You can produce an entire Thanksgiving dinner from this book if you have to.  Here is my classic, super easy Peter Hunt recipe for perfect cranberry sauce.

Just make sure you keep the cranberries dry.







Happy Thanksgiving.





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Read more about abundance


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Armchair Destination: Inside the Dutch Market

Join me at the Dutch market!

Piles of earthy fall mushrooms, the latest in cauliflower, warm stroop (syrup) waffles from the grill, and generous slices of cheese to taste. Flowers galore, animal supplies, the bicycle guy, fishmongers, and a stand dedicated to fresh French fries. These colorful scenes are typical of the outdoor Dutch weekly market.

Unfortunately, here in the Netherlands COVID numbers are on the rise again which means we, like many others around the world, are spending more time in the house.

What better time to armchair travel?

Join me at the Dutch market!

Beautiful fruit for sale.

The Dutch have a lovely tradition of weekly outdoor markets. There are three markets a week within easy biking distance of our house, and each one is a visual feast with a distinct flavor.

And good deals, because the Dutch love a good deal.

So imagine yourself biking across busy streets with your marketing bags in hand, propping your bike up along with all the other bikes-I swear the bikes start chatting as soon as we leave them, they look like they’re totally hanging out together.

Now, plunge into the market with me!

Disclaimer: The following photos were taken before COVID numbers increased.

Cheese is a crucial part of the Dutch diet.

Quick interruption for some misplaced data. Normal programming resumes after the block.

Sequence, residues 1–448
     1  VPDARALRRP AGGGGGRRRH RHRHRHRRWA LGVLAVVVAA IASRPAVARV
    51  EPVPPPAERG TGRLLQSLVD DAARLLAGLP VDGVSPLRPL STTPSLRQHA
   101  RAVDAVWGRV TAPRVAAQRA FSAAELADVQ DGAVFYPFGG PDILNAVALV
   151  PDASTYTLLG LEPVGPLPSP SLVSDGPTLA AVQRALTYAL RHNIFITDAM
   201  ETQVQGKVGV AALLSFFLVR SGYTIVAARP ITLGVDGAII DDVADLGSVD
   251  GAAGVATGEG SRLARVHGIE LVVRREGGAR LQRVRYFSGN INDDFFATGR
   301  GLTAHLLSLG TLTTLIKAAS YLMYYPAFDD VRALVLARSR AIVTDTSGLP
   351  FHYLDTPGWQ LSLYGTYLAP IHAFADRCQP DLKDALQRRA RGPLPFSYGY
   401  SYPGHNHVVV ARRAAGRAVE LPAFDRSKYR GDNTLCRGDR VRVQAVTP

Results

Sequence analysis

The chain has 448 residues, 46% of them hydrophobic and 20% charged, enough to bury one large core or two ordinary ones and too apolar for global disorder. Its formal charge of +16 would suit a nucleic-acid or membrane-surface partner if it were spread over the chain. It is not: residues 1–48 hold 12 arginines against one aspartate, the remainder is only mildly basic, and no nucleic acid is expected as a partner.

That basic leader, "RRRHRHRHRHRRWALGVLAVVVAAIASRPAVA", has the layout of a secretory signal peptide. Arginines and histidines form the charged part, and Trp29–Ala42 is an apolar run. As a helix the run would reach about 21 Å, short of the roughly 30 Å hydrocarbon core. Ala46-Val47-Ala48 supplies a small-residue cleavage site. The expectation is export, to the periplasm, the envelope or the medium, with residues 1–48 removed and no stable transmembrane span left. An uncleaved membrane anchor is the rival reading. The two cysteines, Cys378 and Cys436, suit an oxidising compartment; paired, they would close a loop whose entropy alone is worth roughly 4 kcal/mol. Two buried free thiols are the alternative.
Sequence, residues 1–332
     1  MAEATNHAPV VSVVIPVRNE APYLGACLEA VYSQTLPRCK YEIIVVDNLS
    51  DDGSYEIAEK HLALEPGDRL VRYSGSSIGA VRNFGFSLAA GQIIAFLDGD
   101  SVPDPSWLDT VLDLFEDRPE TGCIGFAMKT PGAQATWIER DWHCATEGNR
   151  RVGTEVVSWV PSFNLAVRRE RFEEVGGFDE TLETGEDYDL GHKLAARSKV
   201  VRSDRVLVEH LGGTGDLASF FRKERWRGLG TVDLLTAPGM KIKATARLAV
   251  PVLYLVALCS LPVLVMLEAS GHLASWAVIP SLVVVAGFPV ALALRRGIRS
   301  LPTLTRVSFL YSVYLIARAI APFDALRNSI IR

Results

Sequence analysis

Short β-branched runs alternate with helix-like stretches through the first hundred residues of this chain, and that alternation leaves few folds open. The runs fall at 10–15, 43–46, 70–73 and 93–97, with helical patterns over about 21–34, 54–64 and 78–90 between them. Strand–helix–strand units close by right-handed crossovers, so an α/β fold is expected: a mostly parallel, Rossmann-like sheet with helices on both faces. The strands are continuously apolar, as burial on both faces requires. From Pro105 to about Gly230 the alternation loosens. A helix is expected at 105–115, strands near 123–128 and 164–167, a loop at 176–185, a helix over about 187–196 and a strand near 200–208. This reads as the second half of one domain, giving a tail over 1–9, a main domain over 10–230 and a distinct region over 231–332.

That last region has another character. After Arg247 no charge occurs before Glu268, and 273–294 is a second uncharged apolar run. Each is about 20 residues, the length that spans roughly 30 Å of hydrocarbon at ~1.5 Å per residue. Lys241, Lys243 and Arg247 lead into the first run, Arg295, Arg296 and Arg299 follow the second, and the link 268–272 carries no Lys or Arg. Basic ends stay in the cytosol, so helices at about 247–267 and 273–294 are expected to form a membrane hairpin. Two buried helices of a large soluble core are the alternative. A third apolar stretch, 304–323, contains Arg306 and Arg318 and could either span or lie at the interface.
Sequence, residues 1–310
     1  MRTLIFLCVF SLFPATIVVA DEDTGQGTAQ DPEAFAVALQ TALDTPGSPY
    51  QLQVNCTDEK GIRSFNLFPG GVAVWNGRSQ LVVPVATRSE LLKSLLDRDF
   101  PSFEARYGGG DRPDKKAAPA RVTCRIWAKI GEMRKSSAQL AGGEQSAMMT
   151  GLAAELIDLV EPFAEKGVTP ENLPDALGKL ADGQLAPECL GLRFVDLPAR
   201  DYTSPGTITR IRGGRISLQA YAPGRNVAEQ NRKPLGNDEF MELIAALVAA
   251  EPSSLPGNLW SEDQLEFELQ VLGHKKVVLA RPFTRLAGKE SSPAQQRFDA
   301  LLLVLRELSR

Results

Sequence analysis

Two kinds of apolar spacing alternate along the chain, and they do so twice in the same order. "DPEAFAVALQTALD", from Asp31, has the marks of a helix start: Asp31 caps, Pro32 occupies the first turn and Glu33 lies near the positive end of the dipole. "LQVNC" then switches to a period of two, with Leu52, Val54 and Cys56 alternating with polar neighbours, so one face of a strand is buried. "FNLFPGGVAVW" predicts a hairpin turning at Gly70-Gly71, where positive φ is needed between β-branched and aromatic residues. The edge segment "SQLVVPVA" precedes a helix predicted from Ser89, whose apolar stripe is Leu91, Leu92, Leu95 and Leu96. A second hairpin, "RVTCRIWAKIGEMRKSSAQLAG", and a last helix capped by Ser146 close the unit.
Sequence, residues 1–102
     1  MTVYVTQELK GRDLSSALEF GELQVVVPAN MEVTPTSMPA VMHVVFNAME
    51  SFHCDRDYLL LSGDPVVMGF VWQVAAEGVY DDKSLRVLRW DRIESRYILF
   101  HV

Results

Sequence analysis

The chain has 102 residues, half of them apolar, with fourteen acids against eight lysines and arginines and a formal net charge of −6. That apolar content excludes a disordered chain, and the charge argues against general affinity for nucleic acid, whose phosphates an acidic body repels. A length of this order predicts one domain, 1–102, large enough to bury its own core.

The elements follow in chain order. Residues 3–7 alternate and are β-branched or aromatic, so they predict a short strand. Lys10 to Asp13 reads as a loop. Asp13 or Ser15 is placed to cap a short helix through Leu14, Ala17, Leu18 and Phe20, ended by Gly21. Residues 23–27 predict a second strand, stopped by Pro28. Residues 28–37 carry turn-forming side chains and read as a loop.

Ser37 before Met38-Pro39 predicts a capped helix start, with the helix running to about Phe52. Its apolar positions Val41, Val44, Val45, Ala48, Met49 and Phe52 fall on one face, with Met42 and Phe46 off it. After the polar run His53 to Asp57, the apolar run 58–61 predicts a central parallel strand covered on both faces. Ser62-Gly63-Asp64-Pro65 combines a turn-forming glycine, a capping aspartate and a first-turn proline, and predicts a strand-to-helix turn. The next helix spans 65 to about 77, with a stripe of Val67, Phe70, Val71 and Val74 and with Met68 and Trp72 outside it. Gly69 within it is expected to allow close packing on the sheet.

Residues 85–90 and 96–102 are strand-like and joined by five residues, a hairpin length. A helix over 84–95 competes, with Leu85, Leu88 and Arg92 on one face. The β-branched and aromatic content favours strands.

Cheese counter in action. Delicious.
You can eat these bulbs….
but you’ll want to plant these for next spring!

Raw herring at the Naarden market. Not for the faint of heart.
The fish counter!
Double yolkers are a specialty here.
Buying stroop waffle, the warm, sweet syrup waffle cookies of the Netherlands.
Fall flowers.
Your chariot awaits-or what are they talking about, anyway?

I hope everyone is well wherever you are, and you enjoyed this little trip.

I wonder what you’re cooking?

That sounds like a good story for next week.

Stay safe and happy.

Mary Petiet is the author of Moon Tide: Cape Cod Poems.

Find out more.

Cat Poems

No birds were hurt in the writing of this blog.

Fall winds are blowing in the Netherlands. It rained and hailed last night, and the dark is falling earlier.  The recent equinox of September 22 offered a rare moment of balance in an increasingly unbalanced world, and I for one grabbed it!

Fall is subtle here. It creeps in on foggy cat feet as the trees turn slowly russet and yellow. 

Dutch fall

At the moment, the huge old oak behind my house is welcoming hundreds of swallows as they migrate south to warmer climes. My cat watches them, but his hopes are thwarted by the warning bell he wears around his neck, the unfortunate consequence of hunting too well.